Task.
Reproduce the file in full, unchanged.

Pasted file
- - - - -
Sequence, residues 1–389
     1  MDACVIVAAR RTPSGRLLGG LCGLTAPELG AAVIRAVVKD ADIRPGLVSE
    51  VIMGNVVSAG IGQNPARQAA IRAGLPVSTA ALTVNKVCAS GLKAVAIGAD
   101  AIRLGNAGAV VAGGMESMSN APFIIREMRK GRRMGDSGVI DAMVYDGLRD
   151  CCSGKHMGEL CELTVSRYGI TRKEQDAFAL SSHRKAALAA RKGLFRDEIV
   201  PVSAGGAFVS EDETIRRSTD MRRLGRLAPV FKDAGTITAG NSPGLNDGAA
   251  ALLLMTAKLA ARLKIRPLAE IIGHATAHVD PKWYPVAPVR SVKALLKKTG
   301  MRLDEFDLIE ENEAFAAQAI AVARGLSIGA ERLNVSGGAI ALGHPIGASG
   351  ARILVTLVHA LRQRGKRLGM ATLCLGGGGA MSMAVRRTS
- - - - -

Sequence, residues 1–389
     1  MDACVIVAAR RTPSGRLLGG LCGLTAPELG AAVIRAVVKD ADIRPGLVSE
    51  VIMGNVVSAG IGQNPARQAA IRAGLPVSTA ALTVNKVCAS GLKAVAIGAD
   101  AIRLGNAGAV VAGGMESMSN APFIIREMRK GRRMGDSGVI DAMVYDGLRD
   151  CCSGKHMGEL CELTVSRYGI TRKEQDAFAL SSHRKAALAA RKGLFRDEIV
   201  PVSAGGAFVS EDETIRRSTD MRRLGRLAPV FKDAGTITAG NSPGLNDGAA
   251  ALLLMTAKLA ARLKIRPLAE IIGHATAHVD PKWYPVAPVR SVKALLKKTG
   301  MRLDEFDLIE ENEAFAAQAI AVARGLSIGA ERLNVSGGAI ALGHPIGASG
   351  ARILVTLVHA LRQRGKRLGM ATLCLGGGGA MSMAVRRTS